Broadly speaking, my research is located in the fields of Critical Security Studies and International Political Sociology. Influenced by contemporary social and political thought, my research engages issues of sovereign power, identities, (in)securities and technology. Specifically, I have spent more than a decade researching the applications and implications of biometric and surveillance technologies in North American borders and borderlands, notably in my book Security, Risk and the Biometric State: Governing Borders and Bodies (Routledge 2010). While continuing this research, I have more recently begun to engage in questions of sovereignty and exceptionalism, international law, postcolonialism, and intervention, noted by the publication with Samer Abboud of Rethinking Hizballah: Legitimacy, Authority, Violence (Ashgate 2012).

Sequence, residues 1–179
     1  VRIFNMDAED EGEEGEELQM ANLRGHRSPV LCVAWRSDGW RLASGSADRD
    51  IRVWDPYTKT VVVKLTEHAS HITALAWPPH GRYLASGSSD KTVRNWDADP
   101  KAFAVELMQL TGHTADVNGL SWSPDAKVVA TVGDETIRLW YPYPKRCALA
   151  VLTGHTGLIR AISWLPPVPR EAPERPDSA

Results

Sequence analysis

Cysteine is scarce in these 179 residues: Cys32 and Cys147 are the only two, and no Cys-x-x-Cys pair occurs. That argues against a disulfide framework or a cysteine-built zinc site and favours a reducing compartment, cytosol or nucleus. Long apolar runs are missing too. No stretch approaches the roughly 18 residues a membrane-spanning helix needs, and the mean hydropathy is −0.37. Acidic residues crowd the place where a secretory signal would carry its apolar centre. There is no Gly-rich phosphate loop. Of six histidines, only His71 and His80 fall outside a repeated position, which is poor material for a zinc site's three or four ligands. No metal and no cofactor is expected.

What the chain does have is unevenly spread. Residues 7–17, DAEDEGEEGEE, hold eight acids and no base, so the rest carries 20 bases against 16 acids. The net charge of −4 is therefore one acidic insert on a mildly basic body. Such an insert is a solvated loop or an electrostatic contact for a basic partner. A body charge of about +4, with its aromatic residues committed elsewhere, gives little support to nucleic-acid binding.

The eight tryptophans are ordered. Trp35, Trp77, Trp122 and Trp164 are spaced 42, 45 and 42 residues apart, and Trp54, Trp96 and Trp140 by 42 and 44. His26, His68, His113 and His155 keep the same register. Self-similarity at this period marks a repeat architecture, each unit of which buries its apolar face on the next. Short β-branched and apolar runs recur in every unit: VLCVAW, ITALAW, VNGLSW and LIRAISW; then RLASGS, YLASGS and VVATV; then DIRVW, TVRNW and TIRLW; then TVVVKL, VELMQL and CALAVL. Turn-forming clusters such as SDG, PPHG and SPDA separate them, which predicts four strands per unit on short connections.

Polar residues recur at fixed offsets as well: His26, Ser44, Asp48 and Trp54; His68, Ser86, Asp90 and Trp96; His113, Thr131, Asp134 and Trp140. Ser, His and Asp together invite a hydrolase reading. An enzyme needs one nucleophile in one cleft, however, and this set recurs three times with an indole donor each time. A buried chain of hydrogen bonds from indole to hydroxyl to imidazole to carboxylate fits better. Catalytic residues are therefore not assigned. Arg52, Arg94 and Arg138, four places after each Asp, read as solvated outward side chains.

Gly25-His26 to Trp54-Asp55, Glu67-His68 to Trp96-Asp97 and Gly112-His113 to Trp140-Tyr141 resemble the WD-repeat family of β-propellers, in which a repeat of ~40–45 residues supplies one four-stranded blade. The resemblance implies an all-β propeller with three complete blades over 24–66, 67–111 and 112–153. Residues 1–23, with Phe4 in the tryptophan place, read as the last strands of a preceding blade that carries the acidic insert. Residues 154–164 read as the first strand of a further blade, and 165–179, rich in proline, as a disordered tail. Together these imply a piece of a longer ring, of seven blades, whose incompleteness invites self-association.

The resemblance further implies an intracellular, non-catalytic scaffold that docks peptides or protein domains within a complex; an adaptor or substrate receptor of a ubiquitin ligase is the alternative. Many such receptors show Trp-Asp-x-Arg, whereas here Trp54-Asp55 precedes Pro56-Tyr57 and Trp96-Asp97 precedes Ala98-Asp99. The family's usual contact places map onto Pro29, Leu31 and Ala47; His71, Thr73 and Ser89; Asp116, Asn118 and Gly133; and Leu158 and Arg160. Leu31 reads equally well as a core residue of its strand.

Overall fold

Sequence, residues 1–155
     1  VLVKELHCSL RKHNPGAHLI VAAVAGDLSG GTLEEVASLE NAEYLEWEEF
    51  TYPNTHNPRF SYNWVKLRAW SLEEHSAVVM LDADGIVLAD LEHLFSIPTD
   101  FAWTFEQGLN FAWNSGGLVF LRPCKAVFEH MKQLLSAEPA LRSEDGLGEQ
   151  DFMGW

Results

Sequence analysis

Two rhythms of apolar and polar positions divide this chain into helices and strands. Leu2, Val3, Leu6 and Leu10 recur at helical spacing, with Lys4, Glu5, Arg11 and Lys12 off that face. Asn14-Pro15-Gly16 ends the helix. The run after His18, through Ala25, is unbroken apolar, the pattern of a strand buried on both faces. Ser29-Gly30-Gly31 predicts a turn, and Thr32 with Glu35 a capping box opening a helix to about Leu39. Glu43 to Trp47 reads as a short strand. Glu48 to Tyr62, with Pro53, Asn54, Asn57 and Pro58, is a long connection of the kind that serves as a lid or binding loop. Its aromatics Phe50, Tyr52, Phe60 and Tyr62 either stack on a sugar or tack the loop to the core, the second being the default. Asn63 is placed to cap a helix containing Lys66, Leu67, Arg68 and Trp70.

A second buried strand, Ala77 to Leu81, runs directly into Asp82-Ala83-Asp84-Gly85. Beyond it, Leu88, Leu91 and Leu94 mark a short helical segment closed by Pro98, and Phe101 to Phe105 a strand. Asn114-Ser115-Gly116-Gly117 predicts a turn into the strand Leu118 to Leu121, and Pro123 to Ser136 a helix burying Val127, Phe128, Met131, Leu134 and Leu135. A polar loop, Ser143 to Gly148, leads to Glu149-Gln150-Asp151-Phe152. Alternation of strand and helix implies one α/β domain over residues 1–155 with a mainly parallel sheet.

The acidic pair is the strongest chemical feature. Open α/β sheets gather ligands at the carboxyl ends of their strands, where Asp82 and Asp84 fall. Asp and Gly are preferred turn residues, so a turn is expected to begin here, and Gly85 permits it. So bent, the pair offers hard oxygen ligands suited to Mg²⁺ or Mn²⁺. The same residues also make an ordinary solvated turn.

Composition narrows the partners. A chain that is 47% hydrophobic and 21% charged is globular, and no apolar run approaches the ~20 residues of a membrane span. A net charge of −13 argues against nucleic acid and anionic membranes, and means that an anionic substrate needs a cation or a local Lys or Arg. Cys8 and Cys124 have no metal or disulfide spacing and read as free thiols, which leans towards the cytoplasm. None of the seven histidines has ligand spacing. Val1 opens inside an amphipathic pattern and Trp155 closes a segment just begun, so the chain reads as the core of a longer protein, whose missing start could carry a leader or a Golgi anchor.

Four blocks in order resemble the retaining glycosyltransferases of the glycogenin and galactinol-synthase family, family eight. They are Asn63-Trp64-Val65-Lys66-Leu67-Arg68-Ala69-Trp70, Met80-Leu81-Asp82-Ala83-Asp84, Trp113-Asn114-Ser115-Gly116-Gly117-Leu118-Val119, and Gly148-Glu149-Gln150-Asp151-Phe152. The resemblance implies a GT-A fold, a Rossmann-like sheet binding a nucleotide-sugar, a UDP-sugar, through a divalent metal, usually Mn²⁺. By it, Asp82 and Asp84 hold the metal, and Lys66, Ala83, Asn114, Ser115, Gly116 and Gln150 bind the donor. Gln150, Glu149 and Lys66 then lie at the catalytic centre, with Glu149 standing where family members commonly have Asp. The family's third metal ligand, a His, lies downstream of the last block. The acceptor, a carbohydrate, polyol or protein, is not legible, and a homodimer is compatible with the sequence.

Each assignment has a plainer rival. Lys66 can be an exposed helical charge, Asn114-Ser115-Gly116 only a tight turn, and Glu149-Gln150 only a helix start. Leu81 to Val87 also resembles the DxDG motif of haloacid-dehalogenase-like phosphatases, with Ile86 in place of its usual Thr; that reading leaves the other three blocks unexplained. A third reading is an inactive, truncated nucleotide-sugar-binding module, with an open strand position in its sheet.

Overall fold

Selected Publications Below